Walmart is consistently taken to task for a variety of business practices, sometimes deserved and sometimes not. But the retailer is clearly tired of the undeserved swipes and is turning the tables.
Walmart VP of Corporate Communications David Tovar came out swinging in a clever, often funny, piece countering a recent Op-Ed in The New York Times.
Tovar copy edits, fact checks and dissects a position piece by Timothy Egan on June 19, often to hilarious effect. "We saw the article in the NYT and couldn't overlook how wildly inaccurate it is, so we had some fun with it," wrote Tovar on his blog. "I hope you will too."
Egan's piece, "The Corporate Daddy," repeats the now expected dialogue about Walmart: the purported costs to taxpayers, reliance on tax subsidies to offset wages and benefits, and the lack of programs to promote or better the lives of its employees.
But Tovar takes a digital red pen to screen and knocks down most points one by one, either with facts or additional information.
Egan extols Starbucks' good corporate citizenship, "…while Walmart is a net drain on taxpayers, forcing employees into public assistance with its poverty-wage structure." Tovar counters with "We are the largest tax payer in America. Can we see your math?"
There are links to stories about employees who move off public assistance thanks to a job at Walmart, a recounting of the number of veterans hired (42,000 this year) and a correction to Egan's wage calculations.
It's not as though Walmart hasn't disputed these figures before, but the retailer's efforts in the past year to counter negative publicity with positive has picked up steam. Tovar's blog posts and regular newsletters to the media are helping to personalize the corporation. It's less about spin and more about putting a friendlier face on what is often used as the poster child for corporate greed.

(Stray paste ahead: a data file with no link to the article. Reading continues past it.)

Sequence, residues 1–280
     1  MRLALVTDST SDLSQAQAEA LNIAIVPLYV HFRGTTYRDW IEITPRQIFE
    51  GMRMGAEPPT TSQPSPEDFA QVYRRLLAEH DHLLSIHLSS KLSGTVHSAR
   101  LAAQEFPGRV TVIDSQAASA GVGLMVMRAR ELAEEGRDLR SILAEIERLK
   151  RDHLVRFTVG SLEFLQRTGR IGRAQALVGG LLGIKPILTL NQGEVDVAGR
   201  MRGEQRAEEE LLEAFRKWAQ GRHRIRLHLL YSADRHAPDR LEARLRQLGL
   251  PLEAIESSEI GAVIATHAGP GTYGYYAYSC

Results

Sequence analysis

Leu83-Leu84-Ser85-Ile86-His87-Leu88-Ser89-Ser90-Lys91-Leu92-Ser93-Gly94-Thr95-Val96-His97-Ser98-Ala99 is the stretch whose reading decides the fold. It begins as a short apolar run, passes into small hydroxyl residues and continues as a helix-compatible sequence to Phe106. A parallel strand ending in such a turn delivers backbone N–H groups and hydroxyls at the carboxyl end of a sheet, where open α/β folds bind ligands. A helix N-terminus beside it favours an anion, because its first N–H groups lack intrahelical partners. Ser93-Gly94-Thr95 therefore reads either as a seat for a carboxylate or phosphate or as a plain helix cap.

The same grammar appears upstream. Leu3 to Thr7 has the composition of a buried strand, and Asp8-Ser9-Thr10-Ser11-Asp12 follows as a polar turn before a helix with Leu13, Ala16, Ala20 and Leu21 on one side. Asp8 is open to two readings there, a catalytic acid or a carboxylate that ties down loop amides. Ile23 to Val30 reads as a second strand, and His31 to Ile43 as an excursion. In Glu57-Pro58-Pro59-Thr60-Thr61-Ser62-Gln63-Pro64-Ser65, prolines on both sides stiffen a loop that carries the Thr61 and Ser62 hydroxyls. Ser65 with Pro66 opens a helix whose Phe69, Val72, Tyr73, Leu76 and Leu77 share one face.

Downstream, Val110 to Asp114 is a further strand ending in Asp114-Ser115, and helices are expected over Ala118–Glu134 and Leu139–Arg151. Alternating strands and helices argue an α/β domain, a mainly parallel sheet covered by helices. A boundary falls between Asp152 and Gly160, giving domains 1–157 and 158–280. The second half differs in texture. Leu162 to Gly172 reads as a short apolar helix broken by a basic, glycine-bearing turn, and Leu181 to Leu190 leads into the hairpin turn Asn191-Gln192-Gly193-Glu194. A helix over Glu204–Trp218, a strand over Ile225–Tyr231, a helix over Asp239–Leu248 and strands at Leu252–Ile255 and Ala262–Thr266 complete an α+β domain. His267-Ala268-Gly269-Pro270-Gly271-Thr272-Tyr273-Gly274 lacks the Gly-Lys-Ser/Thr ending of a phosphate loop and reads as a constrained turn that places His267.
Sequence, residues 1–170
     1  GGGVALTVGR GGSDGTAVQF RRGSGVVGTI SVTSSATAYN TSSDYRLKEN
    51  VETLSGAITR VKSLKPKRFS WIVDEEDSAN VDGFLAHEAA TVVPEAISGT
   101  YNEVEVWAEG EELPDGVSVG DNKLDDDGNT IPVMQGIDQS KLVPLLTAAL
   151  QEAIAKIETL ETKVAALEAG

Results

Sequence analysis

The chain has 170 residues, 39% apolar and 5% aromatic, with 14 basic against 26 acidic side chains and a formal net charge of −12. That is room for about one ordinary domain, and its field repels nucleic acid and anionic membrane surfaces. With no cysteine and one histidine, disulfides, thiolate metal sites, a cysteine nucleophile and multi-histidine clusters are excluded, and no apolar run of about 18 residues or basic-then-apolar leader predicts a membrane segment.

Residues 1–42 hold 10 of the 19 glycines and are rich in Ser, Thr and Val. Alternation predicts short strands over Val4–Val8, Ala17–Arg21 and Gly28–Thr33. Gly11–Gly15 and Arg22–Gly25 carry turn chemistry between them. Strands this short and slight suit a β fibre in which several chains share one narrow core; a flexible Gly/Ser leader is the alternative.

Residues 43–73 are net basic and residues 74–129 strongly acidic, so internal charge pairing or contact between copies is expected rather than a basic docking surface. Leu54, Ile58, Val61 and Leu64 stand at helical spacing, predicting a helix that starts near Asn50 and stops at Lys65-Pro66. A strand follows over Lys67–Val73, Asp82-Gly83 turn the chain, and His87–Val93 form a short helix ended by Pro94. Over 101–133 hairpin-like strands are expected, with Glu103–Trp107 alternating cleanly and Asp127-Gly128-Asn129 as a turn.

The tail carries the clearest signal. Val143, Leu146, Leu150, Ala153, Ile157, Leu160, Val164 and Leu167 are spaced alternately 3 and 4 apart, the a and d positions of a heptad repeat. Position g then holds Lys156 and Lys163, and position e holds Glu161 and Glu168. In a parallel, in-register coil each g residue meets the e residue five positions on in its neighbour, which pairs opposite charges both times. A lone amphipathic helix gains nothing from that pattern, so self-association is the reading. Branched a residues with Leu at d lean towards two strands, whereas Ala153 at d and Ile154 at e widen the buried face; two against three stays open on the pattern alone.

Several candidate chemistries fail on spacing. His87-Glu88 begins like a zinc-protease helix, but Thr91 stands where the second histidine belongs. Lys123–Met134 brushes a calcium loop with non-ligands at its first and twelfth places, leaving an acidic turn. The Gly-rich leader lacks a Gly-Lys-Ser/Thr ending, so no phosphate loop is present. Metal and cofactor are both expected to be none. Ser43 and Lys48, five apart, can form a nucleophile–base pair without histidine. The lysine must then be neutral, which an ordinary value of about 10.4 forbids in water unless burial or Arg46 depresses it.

Separately, Walmart named Dirk Van den Berghe as president and CEO of Walmart Canada, effective August 1. He will report to Shelley Broader who was recently promoted to president and CEO of Walmart's EMEA region which encompasses the retailer's operations in Europe, the Middle East, Africa and Canada.
Van den Berghe is the rare top executive appointment made from outside the company and joins Walmart from the Delhaize Group where most recently he was CEO for the company's Belgium and Luxembourg operations.
"We're very pleased Dirk will be leading Walmart Canada as we celebrate 20 amazing years of saving Canadians money so they can live better," said Broader. "Under Dirk's leadership, Delhaize has been successful in several countries, and his vast experience will allow us to strengthen our growing food business in Canada and complements our highly-successful general merchandise operation."
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